Music and Vision homepage



TREVOR HOLD has dragged
from oblivion some music
you will not know.

20. Respighi's trittico,
The Bistros of Rome



Following the public acclaim for his earlier 'Roman' works - The Fountains of Rome (1914-16) and The Pines of Rome (1924) - Respighi began looking around for a sequel. But what should it be? There were very few suitable landmarks left to exploit. Amongst the subjects he contemplated were The Pillar-Boxes of Rome, The Taxis of Rome and even (much to his wife Elsa's unease) The Brothels of Rome. Then one evening, as he strolled home from his favourite downtown restaurant, inspiration came: why, he would pay musical homage to his favourite eating-places: The Bistros of Rome! Ideas crowded fast on him and the trittico was completed in less than a week.

The orchestra required is a large one, including such unusual instruments as six buccine [ancient Roman trumpets], five flugelhorns, two tavoletta, sirens and a klaxon. In addition, following their successful incorporation in The Pines of Rome, he includes gramophone recordings of bird-song, this time three, one for each movement: a cockerel in the first, pigeons in the second, and a nightjar in the last. As with the previous works, each movement represents a different place and time of day:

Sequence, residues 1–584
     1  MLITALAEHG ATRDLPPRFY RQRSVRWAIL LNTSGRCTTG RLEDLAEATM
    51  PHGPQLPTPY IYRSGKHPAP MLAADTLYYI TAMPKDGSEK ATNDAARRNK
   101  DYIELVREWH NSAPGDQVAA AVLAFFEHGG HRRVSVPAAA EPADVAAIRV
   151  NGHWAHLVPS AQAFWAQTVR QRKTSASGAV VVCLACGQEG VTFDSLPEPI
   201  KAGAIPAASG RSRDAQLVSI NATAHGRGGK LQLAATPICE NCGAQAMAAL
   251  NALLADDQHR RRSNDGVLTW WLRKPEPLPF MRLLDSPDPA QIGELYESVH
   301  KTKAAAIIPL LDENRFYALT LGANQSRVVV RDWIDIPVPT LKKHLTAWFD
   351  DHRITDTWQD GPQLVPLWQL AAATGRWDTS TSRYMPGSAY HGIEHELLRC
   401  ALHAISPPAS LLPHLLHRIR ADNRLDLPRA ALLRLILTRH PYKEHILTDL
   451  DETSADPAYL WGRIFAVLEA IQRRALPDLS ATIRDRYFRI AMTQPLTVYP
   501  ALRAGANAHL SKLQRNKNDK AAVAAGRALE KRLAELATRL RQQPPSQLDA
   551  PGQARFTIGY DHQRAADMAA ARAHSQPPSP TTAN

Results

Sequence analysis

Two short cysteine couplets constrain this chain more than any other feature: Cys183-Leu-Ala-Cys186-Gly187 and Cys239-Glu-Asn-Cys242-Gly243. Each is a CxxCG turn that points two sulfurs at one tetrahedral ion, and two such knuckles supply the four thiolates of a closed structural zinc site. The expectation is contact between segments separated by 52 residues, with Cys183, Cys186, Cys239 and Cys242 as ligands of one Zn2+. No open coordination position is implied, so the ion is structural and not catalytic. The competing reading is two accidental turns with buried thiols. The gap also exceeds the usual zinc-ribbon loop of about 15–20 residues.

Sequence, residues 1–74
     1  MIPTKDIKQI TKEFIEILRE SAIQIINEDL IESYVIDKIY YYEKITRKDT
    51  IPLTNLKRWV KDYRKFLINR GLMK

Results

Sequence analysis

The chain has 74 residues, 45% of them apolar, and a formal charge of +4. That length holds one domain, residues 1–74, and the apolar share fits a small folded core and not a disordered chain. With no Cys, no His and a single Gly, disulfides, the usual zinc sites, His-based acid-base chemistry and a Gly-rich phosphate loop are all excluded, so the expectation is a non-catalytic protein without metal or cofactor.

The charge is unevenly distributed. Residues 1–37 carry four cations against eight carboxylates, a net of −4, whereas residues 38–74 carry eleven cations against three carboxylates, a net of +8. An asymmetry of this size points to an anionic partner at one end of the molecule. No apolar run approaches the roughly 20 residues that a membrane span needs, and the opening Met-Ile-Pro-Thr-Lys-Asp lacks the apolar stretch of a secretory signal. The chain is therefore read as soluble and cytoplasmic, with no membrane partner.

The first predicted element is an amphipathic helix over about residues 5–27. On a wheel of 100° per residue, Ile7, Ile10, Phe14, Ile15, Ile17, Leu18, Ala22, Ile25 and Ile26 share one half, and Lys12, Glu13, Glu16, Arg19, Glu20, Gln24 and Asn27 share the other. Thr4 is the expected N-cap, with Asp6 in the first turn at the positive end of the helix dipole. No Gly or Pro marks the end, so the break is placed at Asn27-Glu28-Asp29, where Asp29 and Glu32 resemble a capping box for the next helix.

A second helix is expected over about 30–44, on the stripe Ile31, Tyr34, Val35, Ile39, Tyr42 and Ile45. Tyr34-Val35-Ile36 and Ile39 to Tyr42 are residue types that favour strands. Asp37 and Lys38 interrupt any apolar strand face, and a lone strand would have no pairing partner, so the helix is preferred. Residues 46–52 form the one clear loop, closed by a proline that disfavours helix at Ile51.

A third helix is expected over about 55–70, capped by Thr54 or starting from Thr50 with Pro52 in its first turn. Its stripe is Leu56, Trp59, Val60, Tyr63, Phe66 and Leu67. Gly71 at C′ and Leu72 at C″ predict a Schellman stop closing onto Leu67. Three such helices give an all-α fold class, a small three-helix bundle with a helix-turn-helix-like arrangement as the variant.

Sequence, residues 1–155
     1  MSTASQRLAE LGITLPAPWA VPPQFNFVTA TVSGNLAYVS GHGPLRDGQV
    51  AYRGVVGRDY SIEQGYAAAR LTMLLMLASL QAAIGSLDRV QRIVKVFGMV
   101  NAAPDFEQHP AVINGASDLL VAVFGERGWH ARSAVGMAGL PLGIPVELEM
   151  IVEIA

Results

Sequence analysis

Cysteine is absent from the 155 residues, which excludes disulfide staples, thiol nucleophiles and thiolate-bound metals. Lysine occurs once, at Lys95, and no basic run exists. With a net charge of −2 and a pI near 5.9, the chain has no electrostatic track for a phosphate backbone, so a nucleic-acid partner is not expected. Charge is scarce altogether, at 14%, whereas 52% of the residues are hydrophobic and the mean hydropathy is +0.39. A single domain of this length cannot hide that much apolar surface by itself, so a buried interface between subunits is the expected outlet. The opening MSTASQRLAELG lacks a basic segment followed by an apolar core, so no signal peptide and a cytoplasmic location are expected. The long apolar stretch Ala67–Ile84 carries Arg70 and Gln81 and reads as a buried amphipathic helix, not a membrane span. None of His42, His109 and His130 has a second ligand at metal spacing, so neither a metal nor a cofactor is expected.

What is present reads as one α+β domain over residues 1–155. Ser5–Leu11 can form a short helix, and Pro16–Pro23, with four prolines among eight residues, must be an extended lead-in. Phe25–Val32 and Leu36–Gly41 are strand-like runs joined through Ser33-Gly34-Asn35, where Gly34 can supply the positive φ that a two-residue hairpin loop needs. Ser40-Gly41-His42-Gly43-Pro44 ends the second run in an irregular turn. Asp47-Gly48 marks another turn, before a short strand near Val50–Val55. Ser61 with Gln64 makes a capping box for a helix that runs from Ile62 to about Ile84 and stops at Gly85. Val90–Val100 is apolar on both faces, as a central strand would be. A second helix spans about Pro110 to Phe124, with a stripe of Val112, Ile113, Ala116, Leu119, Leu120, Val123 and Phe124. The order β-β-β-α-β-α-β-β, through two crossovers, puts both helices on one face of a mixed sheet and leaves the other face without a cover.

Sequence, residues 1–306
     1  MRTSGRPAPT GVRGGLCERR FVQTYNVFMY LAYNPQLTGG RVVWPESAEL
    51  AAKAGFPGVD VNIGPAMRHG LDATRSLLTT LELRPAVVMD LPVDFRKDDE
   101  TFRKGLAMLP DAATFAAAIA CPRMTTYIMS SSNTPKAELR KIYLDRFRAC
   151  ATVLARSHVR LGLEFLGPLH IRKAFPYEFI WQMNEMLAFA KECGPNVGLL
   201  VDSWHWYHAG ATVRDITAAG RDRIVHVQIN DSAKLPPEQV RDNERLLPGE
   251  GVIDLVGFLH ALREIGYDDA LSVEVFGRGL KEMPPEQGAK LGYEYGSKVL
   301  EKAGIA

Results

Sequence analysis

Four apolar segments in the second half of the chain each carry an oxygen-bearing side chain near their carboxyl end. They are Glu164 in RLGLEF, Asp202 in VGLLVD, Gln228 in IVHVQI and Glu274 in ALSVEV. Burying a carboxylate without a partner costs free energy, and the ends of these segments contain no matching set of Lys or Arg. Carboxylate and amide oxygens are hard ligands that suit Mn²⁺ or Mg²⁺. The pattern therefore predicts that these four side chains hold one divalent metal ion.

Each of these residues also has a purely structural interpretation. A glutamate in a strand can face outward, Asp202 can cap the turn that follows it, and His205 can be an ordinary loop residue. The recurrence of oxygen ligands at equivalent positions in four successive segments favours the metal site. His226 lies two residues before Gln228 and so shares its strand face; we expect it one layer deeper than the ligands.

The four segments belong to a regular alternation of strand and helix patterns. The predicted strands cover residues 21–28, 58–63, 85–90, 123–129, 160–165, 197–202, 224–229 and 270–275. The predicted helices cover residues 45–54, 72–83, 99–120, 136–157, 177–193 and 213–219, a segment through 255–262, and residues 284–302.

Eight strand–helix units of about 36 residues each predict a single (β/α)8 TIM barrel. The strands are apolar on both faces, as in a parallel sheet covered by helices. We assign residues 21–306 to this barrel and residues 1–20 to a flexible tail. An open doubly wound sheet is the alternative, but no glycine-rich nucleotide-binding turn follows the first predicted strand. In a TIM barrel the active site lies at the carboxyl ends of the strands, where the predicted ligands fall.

1. 'Luigi's Place', in the Piazza Novona, at Dawn.
    The hushed hour before dawn; gradually we hear the sounds of life: children dancing an equivalent of 'Here we go round the mulberry bush', mimicking cowboys and indians. The movement ends unexpectedly with a loud 'cock-a-doodle-loo' from the cockerel on the gramophone recording (Decca, B.1002: 'Farmyard Sounds')
  2. 'Mario's', on the Appian Way, at Mid-Day.
    There is thrill and bustle in the air: trumpets peal out, sirens wail, klaxons blare. This is 'Mario's' on a high feast-day! In the rare moments when brass and percussion are silent, the soft murmuring of pigeons will be heard. (Ludwig Koch: 'Songs of Italian Birds', BG 7833)
  3. 'Benito's Diner', by the Villa Borghese, at Sunset.
    What a contrast to the previous movement! Here we are at the nostalgic hour of sunset, the air full of tolling bells, twittering birds, rustling leaves. But, hush! what is that? In the distance, a saltarello has started up, and soon the air is alive with pounding rhythms and bright colours. Then, as the witching hour approaches, the music gradually fades away to nothing. We are left with the tolling bells, twittering birds, rustling leaves etc., whilst the mysterious reeling of the nightjar (HMV: 'Bird-Songs of the Twilight', Z.6105) brings the trittico to a satisfying conclusion.


Copyright © 6 April 2000, Trevor Hold, Peterborough, UK


 << Music & Vision homepage            Ives's Grand Metropolitan Hotel >>